Will you win big with Whitbread plc and Unilever plc?
Whitbread’s share price is as whippy as they come and 1% to 2% moves aren’t unusual, but anything bigger is. Despite Whitbread’s most recent earnings (released on 26 April) exceeding expectations, the share price has nosedived to 3,872p just 6% shy of its 52-week low over the past week.
Obviously, I’m not one to advocate any sort of bottom fishing. However, what makes the recent earnings report more significant than usual is that it was only a month ago that Whitbread warned Costa Coffee sales would slow down as the mild weather could limit high street footfall and thus restrict Costa’s sales volume.
This added ammunition to the naysayers who have urged the company to spin off and cash in on Costa Coffee on the argument that the UK market has reached a ‘coffee peak’.
Coffee to continue energising Whitbread
Not so according to CEO Alison Brittain, the UK coffee market isn’t close to saturation as coffee consumption per head is lower in the UK than some other European markets, she says. Moreover, demand for caffeinated drinks looks solid as the UK workforce continues to turn to caffeinated beverages to cope with longer working hours.
However, healthy demand is a double-edged sword as it attracts new entrants into the market, hoping to steal away market share by undercutting the price of coffee. And this is exactly what a resurgent Greggs has decided to do, undercutting Costa’s price for a flat white by almost 30%.
In the face of competitive pressures, Whitbread has announced that it will increase its expansion efforts and plans to open 200 new stores internationally this year and a further 230 in 2017.
There’s still room for more…
Whitbread’s other main income stream, Premier Inn continues to open its doors to hotel-goers at an ever increasing rate with revenues at the firm’s hotels and restaurants branch up nearly 10% from a year ago. The traction it has with families and business viistors who are looking to travel on a budget is of utmost importance as the firm is targeting 85,000 new hotel rooms by 2020.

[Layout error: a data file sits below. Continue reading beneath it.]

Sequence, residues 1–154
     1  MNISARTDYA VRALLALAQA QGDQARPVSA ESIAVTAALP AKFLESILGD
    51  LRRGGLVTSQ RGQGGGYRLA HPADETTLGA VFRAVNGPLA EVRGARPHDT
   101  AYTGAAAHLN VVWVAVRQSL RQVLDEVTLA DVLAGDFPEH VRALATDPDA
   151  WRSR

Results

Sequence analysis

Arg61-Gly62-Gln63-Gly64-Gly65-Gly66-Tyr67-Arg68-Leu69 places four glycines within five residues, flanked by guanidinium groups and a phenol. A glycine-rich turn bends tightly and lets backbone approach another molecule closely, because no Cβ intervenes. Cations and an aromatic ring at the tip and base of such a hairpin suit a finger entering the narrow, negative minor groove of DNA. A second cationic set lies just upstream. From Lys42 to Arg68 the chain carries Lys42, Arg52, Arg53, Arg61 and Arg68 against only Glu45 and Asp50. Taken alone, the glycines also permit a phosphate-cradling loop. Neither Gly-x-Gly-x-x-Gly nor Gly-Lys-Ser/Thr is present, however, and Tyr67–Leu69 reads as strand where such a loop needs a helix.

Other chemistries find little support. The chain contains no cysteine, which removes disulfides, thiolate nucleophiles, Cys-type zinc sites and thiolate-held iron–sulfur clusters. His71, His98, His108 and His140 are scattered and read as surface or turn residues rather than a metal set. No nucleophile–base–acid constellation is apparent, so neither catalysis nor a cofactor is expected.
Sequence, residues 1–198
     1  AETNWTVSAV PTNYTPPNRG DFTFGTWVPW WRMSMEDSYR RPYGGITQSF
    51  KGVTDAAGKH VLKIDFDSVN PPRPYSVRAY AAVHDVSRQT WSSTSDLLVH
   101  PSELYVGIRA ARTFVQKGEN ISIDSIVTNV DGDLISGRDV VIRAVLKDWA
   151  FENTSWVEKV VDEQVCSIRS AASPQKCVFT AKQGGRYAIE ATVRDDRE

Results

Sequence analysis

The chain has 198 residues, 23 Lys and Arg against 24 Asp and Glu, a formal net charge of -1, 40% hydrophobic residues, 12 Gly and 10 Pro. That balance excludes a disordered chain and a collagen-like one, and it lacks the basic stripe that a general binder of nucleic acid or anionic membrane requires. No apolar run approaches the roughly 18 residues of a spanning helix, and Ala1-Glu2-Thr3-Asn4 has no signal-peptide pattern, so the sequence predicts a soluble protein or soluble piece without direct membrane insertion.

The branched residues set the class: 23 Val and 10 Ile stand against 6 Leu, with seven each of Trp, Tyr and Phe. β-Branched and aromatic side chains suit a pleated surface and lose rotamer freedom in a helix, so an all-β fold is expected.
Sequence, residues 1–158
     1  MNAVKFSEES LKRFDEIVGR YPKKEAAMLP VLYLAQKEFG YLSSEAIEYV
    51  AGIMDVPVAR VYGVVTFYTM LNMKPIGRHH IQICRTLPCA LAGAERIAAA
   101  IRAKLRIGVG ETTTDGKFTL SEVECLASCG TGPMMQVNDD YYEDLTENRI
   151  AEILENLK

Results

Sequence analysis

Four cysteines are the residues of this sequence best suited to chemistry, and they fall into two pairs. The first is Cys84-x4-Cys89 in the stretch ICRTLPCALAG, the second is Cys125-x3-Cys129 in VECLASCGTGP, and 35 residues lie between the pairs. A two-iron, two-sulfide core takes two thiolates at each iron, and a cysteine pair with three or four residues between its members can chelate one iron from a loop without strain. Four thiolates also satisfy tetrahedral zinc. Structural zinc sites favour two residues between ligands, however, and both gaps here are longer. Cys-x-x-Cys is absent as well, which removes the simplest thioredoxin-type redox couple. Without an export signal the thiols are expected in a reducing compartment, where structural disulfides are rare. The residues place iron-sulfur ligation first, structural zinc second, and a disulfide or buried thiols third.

Whitbread’s strategy is clear: more coffee shops, more restaurants and more hotel rooms. While this has taken its toll on the firm’s balance sheet as net debt crept up 56% over the year, investors will be hoping that demand meets current expansion plans. They can take solace as Whitbread hiked its divided by 10%, representing a yield of around 1.6%. It may not mean winning big but the growth story promises plenty for long-term investors.
So Whitbread shares may be down but the rewards are still coming from the firm. A bigger dividend winner though is Unilever (LSE: ULVR). The consumer goods firm has heavy exposure to emerging markets (where it gets more than half its sales) and continues to deliver. That’s despite what has been a tough market for packaged goods as falling commodity and energy prices have stymied growth in those emerging markets. Even though it has strong top-line growth of 8.3% in such markets, the company expects the regional woes to persist throughout the year.
This has spooked investors and they appear to be playing a wait and see game as to whether further turbulence is ahead, which has softened Unilever’s share price by almost 10% in the last two weeks.
Yet Unilever is a long-term investment opportunity and the global giant has announced plans to offset any slowing growth in packaged goods by targeting annual cost savings of €1bn by 2018, which should firm up earnings and pave the way for impressive capital gains.
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Yasin Ebrahim has no position in any shares mentioned.
Whitbread’s share price is as whippy as they come and 1% to 2% moves aren’t unusual, but anything bigger is. Despite Whitbread?s most recent earnings (released on 26 April) exceeding expectations, the share price has nosedived to 3,872p just 6% shy of its 52-week low over the past week.
Obviously, I?m not one to advocate any sort of bottom fishing. However, what makes the recent earnings report more significant than usual is that it was only a month ago that Whitbread warned Costa Coffee sales would slow down as the mild weather could limit high street footfall and thus restrict Costa’s sales…